The Etiquette of Monogrammed Jewelry

Monogrammed jewelry comes with a very personal and traditional detail, but is it true that there’s etiquette involved? Definitely! But what basis does this etiquette have?

Plenty of things are involved in monogramming etiquette, including letter sizes, correct sequence of initials, whether or not the couple is heterosexual, and all the others. Do the possibilities confuse you? They’re not really that difficult, but you do need know more about monogramming.

Monogramming is actually the world’s earliest form of identification, going back well into the times of the Greeks and Romans. It has served many purposes – as a signature for royals and artists, as a form of currency in the barter system, as a sign of social status, and more. Perhaps the most apparent role that monograms play today is the identification of properties, from champagne glasses to yes, jewelry. Of course, we know that they are usually ornate, and that’s what makes monogramming a popular option for gift-giving.

Single-letter Monograms

One-letter monograms are traditionally based on the surname. That’s how it goes for both men and single women. These days, an unmarried woman would have a single-letter monogram featuring the first letter of her first name

Three-letter Monograms

The monograms used these days are mainly traditional Victorian, which includes three letters. The arrangement of these letters depend on two factors – marital status and the sizes of the letters in the monogram.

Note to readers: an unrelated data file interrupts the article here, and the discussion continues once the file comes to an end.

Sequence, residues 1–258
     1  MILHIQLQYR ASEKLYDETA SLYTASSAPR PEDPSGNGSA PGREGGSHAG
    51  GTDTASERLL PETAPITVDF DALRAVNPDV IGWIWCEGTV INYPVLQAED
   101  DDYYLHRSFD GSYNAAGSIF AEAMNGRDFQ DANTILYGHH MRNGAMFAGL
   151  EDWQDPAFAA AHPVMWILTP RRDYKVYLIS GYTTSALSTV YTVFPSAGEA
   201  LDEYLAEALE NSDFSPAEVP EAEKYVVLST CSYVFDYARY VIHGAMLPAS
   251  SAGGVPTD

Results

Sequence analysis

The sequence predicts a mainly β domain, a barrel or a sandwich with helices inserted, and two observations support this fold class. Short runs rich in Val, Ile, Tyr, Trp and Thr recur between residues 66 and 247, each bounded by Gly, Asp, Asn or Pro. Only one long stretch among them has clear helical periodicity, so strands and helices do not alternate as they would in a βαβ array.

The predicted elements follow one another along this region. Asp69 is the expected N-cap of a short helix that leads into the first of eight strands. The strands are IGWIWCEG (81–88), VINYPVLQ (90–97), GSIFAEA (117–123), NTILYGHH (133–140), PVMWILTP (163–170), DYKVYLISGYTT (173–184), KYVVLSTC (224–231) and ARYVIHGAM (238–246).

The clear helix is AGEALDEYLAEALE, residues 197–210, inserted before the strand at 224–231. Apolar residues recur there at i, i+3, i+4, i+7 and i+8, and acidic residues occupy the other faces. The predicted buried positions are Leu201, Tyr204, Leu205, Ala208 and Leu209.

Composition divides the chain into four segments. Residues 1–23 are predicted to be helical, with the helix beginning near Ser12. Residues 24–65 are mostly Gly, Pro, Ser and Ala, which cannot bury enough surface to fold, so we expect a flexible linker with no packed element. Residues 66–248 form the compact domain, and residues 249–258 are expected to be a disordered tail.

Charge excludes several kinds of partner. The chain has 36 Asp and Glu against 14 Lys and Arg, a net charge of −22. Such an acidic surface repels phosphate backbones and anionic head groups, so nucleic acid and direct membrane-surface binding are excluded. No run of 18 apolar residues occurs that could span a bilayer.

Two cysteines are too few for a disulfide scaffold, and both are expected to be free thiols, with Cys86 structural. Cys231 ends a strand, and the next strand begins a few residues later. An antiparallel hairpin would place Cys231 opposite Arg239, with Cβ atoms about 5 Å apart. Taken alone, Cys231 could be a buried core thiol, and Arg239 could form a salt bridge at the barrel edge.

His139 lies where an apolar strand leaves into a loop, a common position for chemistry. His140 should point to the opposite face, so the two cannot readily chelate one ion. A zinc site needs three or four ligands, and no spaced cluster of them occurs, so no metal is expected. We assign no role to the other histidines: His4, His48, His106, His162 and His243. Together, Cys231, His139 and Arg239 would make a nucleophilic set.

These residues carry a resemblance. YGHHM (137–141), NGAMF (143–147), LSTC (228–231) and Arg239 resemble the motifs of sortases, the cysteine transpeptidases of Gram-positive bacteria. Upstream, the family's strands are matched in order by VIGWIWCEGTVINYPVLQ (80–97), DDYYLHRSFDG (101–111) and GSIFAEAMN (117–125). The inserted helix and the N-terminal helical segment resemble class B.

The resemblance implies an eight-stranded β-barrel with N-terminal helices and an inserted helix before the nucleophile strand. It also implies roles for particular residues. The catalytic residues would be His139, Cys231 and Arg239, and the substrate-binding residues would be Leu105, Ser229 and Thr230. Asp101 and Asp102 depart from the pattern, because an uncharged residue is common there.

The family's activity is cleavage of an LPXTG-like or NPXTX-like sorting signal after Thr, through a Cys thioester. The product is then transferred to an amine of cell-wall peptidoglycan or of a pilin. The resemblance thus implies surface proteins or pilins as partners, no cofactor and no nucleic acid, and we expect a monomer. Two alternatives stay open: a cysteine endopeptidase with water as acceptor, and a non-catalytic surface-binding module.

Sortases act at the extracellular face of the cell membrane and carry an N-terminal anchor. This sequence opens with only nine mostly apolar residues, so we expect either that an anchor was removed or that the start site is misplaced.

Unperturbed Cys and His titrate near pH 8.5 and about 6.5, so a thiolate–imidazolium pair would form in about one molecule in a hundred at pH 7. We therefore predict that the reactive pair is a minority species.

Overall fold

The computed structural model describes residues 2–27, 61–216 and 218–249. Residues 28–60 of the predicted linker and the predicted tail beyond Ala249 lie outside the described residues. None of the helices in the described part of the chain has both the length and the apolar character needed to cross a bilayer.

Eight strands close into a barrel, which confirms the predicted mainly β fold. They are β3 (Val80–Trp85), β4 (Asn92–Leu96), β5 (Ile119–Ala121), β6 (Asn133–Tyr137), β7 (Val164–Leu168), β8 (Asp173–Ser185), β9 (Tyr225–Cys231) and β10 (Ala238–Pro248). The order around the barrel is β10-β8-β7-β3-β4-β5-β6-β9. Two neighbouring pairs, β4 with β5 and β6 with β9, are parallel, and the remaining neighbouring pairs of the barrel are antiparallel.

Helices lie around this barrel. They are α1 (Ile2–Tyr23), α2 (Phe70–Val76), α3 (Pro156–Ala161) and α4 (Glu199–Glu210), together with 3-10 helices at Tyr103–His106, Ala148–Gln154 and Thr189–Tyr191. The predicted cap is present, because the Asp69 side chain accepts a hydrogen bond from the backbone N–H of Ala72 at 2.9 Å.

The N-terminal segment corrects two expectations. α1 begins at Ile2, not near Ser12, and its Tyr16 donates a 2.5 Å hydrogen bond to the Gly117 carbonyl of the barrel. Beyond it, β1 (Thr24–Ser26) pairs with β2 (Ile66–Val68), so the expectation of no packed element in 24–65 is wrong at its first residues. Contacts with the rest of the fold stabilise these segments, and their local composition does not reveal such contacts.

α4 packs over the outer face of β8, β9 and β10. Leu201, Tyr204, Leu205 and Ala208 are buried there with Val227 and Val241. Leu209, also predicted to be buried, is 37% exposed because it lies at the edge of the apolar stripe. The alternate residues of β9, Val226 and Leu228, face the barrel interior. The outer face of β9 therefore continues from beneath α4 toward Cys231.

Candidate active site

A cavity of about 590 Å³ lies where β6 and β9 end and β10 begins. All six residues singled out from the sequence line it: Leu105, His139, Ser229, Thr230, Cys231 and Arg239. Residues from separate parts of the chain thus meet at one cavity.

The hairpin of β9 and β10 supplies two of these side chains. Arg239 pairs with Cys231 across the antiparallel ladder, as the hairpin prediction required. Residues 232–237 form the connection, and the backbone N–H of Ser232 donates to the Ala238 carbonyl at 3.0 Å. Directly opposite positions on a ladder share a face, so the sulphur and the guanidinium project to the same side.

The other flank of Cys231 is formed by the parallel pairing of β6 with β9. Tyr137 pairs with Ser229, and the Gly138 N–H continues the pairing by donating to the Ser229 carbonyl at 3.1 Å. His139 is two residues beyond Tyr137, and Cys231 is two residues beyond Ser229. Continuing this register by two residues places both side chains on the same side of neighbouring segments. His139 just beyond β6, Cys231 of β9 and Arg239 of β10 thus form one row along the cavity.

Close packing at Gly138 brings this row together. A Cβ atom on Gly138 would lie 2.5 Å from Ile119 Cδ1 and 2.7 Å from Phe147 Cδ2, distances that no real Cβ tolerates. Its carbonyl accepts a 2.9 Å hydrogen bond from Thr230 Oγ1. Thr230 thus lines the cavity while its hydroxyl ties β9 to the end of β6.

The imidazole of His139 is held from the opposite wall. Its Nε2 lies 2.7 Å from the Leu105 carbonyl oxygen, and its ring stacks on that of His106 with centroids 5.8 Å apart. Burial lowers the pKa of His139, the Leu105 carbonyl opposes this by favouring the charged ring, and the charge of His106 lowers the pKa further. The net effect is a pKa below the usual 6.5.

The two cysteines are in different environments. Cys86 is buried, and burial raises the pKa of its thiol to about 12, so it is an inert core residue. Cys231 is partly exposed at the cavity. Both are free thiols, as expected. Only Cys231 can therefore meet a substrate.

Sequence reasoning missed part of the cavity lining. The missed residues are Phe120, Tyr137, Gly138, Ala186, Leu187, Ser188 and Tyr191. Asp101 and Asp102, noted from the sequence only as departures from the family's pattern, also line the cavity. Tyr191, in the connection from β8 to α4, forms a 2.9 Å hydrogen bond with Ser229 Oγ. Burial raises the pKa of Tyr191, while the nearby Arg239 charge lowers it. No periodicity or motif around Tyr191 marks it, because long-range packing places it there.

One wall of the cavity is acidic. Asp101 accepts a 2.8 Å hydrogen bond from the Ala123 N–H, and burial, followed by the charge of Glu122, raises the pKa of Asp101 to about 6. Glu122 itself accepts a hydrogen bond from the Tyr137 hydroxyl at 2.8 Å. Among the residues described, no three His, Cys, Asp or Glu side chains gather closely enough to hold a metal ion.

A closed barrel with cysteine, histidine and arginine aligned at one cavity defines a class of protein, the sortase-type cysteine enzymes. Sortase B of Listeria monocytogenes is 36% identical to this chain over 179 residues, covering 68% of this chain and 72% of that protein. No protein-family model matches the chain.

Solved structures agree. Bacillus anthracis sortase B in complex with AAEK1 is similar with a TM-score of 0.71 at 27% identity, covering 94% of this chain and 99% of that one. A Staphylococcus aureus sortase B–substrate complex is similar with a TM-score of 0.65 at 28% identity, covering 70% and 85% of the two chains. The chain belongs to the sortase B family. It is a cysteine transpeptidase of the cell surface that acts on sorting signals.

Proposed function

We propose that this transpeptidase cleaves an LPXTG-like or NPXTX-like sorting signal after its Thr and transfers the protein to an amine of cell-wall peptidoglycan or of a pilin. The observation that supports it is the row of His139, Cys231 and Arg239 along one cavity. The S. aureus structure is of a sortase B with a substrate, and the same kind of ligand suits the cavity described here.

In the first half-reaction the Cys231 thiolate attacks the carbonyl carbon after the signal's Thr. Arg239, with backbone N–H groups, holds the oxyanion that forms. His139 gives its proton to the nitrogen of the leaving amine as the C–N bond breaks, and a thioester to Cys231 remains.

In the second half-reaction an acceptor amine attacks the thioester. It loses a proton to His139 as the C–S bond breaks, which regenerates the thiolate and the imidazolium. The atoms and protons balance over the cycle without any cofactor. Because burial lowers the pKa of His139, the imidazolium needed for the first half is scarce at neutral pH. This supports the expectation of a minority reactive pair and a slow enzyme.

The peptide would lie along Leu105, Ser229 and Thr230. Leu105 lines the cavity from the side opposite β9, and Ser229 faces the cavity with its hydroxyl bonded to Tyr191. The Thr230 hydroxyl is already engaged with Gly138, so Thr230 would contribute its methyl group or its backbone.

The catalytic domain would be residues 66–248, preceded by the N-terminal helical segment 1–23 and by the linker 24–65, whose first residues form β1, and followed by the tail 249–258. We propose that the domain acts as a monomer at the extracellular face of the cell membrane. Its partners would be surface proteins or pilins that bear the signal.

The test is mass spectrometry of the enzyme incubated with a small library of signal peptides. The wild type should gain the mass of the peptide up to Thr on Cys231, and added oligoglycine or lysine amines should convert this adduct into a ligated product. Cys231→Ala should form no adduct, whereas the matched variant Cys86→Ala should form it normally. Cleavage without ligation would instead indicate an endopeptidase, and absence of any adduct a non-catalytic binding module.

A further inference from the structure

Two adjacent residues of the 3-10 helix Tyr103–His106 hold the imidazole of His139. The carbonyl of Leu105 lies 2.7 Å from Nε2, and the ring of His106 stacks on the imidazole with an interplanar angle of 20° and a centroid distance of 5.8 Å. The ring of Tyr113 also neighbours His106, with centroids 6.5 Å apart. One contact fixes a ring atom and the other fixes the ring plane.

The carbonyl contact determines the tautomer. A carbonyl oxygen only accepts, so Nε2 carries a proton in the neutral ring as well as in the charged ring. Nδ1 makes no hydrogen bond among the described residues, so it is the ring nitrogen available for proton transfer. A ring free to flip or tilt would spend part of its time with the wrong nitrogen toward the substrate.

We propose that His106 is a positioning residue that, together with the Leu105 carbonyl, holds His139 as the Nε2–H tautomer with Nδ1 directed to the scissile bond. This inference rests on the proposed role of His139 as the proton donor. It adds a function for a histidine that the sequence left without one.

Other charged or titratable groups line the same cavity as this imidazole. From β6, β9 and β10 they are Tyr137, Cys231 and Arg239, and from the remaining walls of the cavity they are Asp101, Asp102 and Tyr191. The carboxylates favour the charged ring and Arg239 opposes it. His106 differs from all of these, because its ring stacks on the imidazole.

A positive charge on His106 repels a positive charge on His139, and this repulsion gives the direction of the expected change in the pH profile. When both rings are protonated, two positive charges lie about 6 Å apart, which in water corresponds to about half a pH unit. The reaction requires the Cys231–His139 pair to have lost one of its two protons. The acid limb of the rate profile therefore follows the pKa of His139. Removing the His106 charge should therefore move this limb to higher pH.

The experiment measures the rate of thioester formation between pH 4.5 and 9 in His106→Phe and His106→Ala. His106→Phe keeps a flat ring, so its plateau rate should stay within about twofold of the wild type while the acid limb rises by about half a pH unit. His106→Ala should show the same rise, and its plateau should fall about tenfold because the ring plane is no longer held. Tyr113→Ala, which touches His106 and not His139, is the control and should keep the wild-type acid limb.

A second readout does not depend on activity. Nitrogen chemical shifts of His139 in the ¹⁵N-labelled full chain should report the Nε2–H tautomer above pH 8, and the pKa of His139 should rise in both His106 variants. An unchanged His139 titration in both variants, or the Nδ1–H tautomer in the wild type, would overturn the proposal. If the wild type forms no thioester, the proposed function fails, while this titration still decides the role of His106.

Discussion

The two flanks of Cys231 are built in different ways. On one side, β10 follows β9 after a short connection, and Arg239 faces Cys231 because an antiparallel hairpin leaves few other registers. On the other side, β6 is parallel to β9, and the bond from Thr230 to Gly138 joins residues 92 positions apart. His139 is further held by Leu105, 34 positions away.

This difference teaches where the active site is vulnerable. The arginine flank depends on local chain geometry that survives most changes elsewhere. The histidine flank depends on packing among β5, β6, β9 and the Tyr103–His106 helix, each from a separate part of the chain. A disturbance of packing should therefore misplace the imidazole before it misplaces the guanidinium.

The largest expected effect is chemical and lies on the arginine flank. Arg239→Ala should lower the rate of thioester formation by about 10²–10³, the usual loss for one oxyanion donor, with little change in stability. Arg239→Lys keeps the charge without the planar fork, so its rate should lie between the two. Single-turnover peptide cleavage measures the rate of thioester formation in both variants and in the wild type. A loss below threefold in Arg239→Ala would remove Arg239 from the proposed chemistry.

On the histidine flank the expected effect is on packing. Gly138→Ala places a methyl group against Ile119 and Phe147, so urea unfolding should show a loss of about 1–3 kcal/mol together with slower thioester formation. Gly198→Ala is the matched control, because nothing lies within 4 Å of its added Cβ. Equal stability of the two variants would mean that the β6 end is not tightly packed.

One-size Letters

If you see a monogram whose letters are of the same size, such letters are expected to be the first of the person’s first, middle and last name in that exact order. Also, this arrangement is for single men and single women.

Large Surname Letter in the Middle

For single men and women, he first letters of their first, last and middle names should be used in that exact sequence. And the surname must be the centered and largest font.

There are two concepts in terms of married couples. One is that the first initial of the bride must be on the left of the surname initial, and the first initial of the groom is on the right – as in the principle of “ladies first.” Historically, this style is commonly used in linens.

A more modern setup is the groom’s first initial coming before the bride’s, to follow the tradition of Mr. & Mrs. While used on glasses and tableware before, this is also popular with jewelry these days. For married women, the woman traditionally uses the initial of her maiden name as her middle initial in a three-letter monogram. Alternatively, she can use the initials of her first name, middle name and married name. Finally, for gay couples, the initials of both their names will be taken together and used as the surname.